Doing “the cyber” got a boost at the Pentagon today.
In a highly anticipated move, President Donald Trump announced on Aug. 18 that the U.S. Cyber Command would be elevated to the status of a “unified combatant command,” putting it on a par with the likes of Central Command and Special Operations Command.
“The elevation of United States Cyber Command demonstrates our increased resolve against cyberspace threats and will help reassure our allies and partners and deter our adversaries,” Trump said in a statement.
The move wasn’t a huge surprise; CYBERCOM had also recently announced it was organizing its first “industry day” to meet eager vendors and contractors. But its elevation by the president is the latest product of years of debates over how the United States should structure, support, and prioritize its cybersecurity operations — debates that will probably intensify now, rather than resolve themselves.
For example, Trump added in his statement that Defense Secretary James Mattis was looking into “the possibility of separating United States Cyber Command from the National Security Agency.” Since its creation in 2009, CYBERCOM has lived under the NSA’s roof at Fort Meade, depended on NSA’s resources, and shared its commander with NSA, as well: The commanding officer of CYBERCOM has historically been the “dual hatted” NSA director.
There are plenty of pros and cons to a CYBERCOM-NSA split, most of which boil down to bureaucratic wranglings over who’s responsible for what and when. But one issue that’s helped spur the divorce talk is the evolution of different missions for the two agencies. NSA has historically operated as a “collection” entity, stealthily intercepting communications and hoovering up all the details in them. CYBERCOM, on the other hand, has been trying its hand as a “disruption” entity, taking offensive actions against hackers and enemies. It’s hard to run both kinds of ops on a single target through a single point of entry.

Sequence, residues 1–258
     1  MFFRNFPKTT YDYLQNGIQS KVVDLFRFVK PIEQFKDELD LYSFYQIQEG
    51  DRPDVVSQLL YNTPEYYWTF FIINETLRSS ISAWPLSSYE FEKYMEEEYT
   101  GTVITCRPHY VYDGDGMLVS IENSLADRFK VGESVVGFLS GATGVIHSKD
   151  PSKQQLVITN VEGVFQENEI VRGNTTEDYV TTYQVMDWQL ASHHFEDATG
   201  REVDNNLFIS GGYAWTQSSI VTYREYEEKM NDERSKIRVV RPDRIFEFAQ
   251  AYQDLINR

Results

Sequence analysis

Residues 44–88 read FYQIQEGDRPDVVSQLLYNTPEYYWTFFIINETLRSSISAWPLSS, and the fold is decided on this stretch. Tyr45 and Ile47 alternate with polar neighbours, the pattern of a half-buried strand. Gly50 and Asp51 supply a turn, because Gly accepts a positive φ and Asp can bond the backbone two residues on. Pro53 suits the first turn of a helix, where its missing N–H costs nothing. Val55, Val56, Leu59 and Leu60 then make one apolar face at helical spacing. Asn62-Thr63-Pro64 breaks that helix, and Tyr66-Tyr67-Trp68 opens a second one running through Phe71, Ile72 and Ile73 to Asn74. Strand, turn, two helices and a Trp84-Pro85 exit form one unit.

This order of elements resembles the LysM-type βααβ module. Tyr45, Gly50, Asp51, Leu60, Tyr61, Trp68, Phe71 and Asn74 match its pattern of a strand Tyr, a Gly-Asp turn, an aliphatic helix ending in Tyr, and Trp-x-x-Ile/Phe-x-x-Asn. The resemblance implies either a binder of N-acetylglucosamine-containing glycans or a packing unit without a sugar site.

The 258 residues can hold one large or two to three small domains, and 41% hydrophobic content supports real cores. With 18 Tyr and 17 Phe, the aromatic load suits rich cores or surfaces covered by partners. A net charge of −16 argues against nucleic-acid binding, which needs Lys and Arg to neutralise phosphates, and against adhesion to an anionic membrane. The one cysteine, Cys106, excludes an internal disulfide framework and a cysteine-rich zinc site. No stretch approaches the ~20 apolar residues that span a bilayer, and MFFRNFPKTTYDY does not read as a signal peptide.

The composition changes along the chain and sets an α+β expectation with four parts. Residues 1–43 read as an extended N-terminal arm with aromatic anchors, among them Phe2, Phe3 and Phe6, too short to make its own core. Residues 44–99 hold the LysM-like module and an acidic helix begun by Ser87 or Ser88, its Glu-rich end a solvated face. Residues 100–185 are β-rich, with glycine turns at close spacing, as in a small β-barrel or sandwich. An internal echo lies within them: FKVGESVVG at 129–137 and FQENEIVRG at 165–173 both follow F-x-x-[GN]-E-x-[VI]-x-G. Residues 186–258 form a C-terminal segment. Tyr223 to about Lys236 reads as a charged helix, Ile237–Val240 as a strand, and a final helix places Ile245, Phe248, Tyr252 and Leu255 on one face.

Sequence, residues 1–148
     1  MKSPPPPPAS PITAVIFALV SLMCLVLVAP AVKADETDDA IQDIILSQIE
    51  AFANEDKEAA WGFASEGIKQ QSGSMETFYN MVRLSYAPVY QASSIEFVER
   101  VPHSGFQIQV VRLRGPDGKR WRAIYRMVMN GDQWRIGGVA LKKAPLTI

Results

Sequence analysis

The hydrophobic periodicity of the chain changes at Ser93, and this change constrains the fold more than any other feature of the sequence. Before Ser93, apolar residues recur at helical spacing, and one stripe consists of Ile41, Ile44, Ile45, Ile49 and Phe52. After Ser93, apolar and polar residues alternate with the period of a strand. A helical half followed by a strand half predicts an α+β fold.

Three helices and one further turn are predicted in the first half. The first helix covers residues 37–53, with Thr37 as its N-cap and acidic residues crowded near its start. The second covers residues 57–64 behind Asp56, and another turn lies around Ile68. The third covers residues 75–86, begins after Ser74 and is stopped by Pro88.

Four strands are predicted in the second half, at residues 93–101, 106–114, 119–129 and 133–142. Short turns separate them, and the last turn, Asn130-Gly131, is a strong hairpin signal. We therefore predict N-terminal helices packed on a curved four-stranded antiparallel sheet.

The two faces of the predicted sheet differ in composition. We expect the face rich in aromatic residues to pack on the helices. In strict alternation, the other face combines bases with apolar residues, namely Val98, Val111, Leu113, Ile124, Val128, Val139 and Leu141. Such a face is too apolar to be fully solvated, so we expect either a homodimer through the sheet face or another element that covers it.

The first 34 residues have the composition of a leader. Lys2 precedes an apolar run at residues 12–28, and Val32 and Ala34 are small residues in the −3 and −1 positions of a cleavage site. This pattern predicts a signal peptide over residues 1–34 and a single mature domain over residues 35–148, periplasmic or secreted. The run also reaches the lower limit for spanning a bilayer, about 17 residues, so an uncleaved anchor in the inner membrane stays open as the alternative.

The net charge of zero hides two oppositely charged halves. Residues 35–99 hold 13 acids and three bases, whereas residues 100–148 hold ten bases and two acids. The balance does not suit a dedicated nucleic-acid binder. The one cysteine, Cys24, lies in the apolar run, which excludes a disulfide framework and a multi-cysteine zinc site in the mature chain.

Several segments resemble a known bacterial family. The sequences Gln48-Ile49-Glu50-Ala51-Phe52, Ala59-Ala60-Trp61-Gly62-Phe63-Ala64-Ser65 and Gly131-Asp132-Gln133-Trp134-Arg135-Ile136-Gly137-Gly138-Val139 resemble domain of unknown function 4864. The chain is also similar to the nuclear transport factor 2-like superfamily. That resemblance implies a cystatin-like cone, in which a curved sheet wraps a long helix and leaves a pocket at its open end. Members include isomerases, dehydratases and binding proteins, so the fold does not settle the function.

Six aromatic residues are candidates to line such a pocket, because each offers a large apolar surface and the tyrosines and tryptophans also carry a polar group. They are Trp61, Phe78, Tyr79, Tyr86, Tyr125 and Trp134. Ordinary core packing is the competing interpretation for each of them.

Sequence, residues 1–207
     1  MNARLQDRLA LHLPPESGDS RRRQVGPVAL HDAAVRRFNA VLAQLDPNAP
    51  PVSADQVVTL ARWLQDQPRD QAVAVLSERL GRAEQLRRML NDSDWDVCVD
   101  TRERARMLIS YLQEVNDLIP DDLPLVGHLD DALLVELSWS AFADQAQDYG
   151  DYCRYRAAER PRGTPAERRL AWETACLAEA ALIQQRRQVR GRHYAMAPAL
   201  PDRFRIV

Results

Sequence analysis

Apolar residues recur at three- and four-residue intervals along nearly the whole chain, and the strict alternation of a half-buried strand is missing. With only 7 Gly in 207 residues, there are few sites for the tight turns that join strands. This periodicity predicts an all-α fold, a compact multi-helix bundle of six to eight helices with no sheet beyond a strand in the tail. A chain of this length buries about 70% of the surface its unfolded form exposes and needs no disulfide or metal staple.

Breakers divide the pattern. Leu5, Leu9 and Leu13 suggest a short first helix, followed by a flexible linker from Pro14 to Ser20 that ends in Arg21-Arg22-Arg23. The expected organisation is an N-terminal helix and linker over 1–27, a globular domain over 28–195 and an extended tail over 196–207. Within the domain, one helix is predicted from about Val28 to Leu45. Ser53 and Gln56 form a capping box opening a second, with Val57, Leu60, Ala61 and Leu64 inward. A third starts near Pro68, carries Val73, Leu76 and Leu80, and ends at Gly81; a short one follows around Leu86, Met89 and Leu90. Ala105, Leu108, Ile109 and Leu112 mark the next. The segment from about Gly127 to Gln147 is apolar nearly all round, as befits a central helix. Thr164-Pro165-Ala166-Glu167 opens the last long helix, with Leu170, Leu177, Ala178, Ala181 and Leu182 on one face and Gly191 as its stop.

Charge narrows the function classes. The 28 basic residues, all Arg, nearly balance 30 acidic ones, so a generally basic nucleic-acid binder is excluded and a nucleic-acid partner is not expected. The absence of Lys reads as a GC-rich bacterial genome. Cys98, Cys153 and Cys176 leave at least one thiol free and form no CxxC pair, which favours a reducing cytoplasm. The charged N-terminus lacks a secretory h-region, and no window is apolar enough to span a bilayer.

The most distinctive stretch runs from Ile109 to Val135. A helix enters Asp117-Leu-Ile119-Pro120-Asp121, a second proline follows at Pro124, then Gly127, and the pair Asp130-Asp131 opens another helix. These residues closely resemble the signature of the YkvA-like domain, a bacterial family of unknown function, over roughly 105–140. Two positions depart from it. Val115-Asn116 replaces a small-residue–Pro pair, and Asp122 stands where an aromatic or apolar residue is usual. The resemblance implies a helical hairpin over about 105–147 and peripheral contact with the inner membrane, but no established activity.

Then again, without NSA resources, it’s hard right now for CYBERCOM to run any kind of ops. Whether the command’s elevation will translate into needed bucks and gear remains to be seen. But it’s likely going to need serious help from a paralyzed Congress to make that happen. And while Trump is supportive today — he said that elevating CYBERCOM would “also ensure that critical cyberspace operations are adequately funded” — it’s worth noting that the president has some cybersecurity foibles of his own, and makes enemies fast.
Can CYBERCOM successfully navigate these hazardous waters? Answering that would require an astrologer, not a hacker.